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New eddy-simulation concepts and methodologies for frontier problems in Turbulence

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Smoothing down the bumps: Research sheds new light on turbulence dynamics

An EU-funded team used advanced numerical simulation methods to better understand the mechanisms that govern turbulence dynamics. Simulation and theoretical results highlighted the importance of mirror symmetry for the global turbulent flow evolution.

Fundamental Research icon Fundamental Research

Turbulence is commonly observed in everyday phenomena such as fast flowing rivers, smoke from a chimney or the air around aircraft wings. It is also present in intense ocean currents, the lava discharged from a volcano or intergalactic space. In fact, the flow of most fluids is turbulent, including blood movement in our arteries. While the experience of turbulence is all around us, the mechanisms underlying this bumpy phenomenon are difficult to control and understand. Caused by excessive kinetic energy that overcomes the effects of fluid’s viscosity, turbulent flow is by nature irregular and therefore hard to predict. “The interactions within turbulence create a very complex phenomenon that no existing algorithms can accurately describe. Progress in the field has been so slow that there are currently no computational resources that can even perform a brute-force simulation of the air around an aircraft wing! As a result, engineers and applied mathematicians resort to the construction and use of mathematical models to predict turbulence effects,” explains Luca Biferale, coordinator of the EU-funded NewTURB (New eddy-simulation concepts and methodologies for frontier problems in Turbulence) project.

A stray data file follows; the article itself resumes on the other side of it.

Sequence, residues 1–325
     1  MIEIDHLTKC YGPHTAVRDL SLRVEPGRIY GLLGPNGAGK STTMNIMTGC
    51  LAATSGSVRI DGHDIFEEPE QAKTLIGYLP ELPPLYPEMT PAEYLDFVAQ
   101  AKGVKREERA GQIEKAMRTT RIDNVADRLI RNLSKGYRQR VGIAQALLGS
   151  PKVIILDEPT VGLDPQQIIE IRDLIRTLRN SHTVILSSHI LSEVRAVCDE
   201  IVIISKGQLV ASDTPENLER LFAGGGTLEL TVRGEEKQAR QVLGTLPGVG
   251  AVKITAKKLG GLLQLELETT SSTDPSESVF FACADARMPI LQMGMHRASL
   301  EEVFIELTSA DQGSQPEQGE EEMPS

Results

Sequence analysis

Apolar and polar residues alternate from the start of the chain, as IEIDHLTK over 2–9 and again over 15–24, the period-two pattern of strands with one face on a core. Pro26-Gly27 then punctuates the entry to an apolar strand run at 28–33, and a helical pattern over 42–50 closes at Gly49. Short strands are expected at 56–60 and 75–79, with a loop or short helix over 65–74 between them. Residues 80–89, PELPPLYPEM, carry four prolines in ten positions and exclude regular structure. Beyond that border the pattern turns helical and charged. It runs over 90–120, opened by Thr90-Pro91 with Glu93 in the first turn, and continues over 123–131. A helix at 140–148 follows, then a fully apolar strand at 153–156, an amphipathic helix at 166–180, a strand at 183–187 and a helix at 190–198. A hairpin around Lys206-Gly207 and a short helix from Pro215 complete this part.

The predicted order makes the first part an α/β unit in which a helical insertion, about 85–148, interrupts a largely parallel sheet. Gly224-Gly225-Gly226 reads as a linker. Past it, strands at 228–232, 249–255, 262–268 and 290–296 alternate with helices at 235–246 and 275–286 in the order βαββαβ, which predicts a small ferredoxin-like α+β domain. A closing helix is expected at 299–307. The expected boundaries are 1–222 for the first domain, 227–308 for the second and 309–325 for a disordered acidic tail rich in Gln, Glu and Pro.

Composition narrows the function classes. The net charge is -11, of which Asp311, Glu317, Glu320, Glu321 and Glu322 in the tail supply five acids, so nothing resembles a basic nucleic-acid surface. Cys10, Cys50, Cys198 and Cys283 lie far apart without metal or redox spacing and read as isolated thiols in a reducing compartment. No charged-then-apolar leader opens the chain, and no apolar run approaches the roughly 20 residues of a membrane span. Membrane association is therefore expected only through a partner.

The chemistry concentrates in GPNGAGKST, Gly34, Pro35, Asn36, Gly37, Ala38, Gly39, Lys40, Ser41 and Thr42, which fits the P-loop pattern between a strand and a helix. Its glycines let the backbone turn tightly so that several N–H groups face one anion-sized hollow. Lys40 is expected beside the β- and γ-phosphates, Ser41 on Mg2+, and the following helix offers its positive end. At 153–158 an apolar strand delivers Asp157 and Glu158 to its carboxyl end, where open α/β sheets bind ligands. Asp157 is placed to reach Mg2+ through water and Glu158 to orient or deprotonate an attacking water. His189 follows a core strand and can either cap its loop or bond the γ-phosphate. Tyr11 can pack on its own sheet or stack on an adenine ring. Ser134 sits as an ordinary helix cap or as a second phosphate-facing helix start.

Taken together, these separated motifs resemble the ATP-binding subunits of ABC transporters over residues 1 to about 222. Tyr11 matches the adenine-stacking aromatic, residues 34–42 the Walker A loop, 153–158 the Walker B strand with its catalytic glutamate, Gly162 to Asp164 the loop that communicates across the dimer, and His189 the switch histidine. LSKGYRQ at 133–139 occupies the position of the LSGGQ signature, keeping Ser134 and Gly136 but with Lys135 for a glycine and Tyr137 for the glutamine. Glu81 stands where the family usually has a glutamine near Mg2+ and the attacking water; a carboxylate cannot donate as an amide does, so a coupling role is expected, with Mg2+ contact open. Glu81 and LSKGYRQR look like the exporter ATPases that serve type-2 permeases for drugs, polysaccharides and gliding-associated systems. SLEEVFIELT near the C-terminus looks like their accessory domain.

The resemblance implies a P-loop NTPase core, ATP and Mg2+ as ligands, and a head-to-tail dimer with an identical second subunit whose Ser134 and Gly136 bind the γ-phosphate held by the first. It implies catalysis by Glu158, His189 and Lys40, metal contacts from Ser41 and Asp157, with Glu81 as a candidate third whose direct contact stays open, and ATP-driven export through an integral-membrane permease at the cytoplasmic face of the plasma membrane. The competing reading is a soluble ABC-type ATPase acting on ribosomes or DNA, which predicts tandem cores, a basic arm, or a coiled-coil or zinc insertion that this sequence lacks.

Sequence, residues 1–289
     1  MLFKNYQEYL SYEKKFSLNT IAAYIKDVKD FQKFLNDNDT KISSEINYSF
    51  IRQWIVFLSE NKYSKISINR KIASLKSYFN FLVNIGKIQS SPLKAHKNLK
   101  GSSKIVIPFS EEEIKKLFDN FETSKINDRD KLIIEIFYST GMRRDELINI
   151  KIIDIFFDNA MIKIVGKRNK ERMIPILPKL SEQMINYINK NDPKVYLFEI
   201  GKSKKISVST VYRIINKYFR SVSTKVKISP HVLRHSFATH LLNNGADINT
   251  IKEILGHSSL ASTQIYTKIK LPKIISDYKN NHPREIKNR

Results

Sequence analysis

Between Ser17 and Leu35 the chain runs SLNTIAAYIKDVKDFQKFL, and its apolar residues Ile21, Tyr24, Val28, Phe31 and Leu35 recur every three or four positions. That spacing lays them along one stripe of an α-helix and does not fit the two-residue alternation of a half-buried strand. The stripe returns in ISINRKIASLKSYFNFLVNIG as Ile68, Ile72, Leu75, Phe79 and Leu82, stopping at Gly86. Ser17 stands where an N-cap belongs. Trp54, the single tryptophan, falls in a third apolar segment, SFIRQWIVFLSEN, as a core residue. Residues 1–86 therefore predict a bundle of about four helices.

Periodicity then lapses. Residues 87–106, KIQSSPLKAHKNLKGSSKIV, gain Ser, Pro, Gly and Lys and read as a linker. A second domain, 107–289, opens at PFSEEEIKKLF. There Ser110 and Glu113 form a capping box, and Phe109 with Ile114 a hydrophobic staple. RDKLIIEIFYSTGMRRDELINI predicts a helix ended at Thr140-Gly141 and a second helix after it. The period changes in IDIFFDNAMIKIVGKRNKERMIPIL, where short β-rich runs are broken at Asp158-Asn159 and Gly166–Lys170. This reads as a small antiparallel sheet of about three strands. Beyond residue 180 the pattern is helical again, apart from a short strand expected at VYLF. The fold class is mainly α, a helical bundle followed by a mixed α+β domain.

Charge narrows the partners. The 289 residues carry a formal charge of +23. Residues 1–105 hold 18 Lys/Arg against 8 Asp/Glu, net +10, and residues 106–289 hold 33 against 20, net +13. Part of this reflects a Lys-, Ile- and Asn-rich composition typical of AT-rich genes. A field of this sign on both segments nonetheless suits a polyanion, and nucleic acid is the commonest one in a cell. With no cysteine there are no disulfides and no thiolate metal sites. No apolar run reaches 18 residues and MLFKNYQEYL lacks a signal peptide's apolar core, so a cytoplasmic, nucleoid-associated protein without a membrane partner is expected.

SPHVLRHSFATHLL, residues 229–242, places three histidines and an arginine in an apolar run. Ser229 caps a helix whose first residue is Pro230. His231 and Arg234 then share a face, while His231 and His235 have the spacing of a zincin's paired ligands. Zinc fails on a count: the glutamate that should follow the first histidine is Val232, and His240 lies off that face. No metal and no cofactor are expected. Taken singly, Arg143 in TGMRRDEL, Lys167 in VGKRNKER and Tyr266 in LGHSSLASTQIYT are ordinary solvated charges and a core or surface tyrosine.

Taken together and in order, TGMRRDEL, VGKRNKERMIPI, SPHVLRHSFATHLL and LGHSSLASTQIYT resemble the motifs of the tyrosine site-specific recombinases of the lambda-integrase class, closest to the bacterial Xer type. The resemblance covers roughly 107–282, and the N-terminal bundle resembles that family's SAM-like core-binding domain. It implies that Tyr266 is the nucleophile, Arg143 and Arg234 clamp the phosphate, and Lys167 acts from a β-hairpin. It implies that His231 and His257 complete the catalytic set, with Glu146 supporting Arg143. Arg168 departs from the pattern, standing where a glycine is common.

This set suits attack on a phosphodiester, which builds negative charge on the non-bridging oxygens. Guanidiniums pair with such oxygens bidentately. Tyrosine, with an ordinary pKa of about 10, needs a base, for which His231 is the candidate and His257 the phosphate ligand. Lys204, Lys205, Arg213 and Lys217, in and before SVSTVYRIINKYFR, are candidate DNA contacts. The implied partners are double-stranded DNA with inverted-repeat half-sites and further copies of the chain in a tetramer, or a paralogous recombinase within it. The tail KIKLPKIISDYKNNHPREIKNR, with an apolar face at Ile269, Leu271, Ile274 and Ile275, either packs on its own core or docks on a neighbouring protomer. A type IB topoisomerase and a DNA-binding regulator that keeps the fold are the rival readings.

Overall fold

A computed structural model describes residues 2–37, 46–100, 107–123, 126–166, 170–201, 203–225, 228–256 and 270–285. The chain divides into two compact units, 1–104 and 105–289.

Mapping turbulence at multiple scales

Turbulent flow spans a broad range of length scales; bridging them in a numerical simulation is notoriously difficult as state-of-the-art computational systems require extensive amounts of computing time. That is what the NewTURB team set out to do: develop a series of multi-scale models for high-performance computations that overcome these challenges. The principal idea was to perform a ‘surgical’ removal of the number of parameters – degrees of freedom – that define the turbulent configuration by modifying the Navier-Stokes equations in a controllable way. “Our main focus was on predicting under which conditions the turbulent flow tends to accumulate the energy of stirring forces at large scales or dissipate it at very small scales. The first case would look like a big tornado (see figure) in the atmosphere, while the second one a millimetre-sized yet intense swirl such as those created inside internal combustion engines,” says Biferale. Using mathematical models and high-performance computing, the project team demonstrated that a set of chiral interactions that change the mirror symmetry – and the flow’s helicity – can alter turbulent flow behaviour. Not previously known, it should now be considered as a basic property for all incompressible flows.

Identifying universal laws within turbulence

Unravelling the universal statistical properties that all turbulent flows share despite their different driving mechanisms or their particular flow geometries has been a long-standing challenge. “Proving the hypothesis of universality in turbulence has been a ‘holy grail’ for physicists in the field,” notes Biferale. “Although we cannot prove universality from the equations that rule the system we know from laboratory and numerical experiments that it holds true for small-scale turbulent fluctuations, recovering a perfectly rotational-symmetric statistical behaviour.” Disentangling universal from non-universal properties in shear or rotating turbulence across all scales has therefore been the main focus of the project work concerning both the flow field and the advection of particles by it.

Unsolved problem

NewTURB clarified important aspects concerning turbulent flow dynamics using clear evidence from numerical simulations. “However, we are still far from offering a complete description of turbulence. We have very little proof based on the motion equations. Turbulence is one of the oldest unsolved problems in physics,” concludes Biferale.


NewTURB, turbulence, numerical simulation, multi-scale dynamics, high performance computing, big data, Navier-Stokes equations, mirror symmetry

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